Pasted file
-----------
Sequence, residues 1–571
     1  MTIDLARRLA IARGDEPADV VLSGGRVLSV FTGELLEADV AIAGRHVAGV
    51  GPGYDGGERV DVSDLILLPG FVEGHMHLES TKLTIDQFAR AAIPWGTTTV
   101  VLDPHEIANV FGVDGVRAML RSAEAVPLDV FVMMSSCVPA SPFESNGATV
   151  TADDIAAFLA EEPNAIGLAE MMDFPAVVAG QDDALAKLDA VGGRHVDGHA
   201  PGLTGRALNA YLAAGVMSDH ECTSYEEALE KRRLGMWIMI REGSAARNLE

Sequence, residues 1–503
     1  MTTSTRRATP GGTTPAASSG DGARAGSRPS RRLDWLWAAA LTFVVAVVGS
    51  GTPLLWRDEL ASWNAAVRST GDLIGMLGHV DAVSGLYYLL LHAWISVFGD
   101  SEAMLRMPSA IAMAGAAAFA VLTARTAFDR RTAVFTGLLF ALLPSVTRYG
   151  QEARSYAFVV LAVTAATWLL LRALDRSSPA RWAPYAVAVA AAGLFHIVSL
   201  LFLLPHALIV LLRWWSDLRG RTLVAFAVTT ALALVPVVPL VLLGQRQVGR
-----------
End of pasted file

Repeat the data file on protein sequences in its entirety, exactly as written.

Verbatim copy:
Sequence, residues 1–571
     1  MTIDLARRLA IARGDEPADV VLSGGRVLSV FTGELLEADV AIAGRHVAGV
    51  GPGYDGGERV DVSDLILLPG FVEGHMHLES TKLTIDQFAR AAIPWGTTTV
   101  VLDPHEIANV FGVDGVRAML RSAEAVPLDV FVMMSSCVPA SPFESNGATV
   151  TADDIAAFLA EEPNAIGLAE MMDFPAVVAG QDDALAKLDA VGGRHVDGHA
   201  PGLTGRALNA YLAAGVMSDH ECTSYEEALE KRRLGMWIMI REGSAARNLE

Sequence, residues 1–503
     1  MTTSTRRATP GGTTPAASSG DGARAGSRPS RRLDWLWAAA LTFVVAVVGS
    51  GTPLLWRDEL ASWNAAVRST GDLIGMLGHV DAVSGLYYLL LHAWISVFGD
   101  SEAMLRMPSA IAMAGAAAFA VLTARTAFDR RTAVFTGLLF ALLPSVTRYG
   151  QEARSYAFVV LAVTAATWLL LRALDRSSPA RWAPYAVAVA AAGLFHIVSL
   201  LFLLPHALIV LLRWWSDLRG RTLVAFAVTT ALALVPVVPL VLLGQRQVGR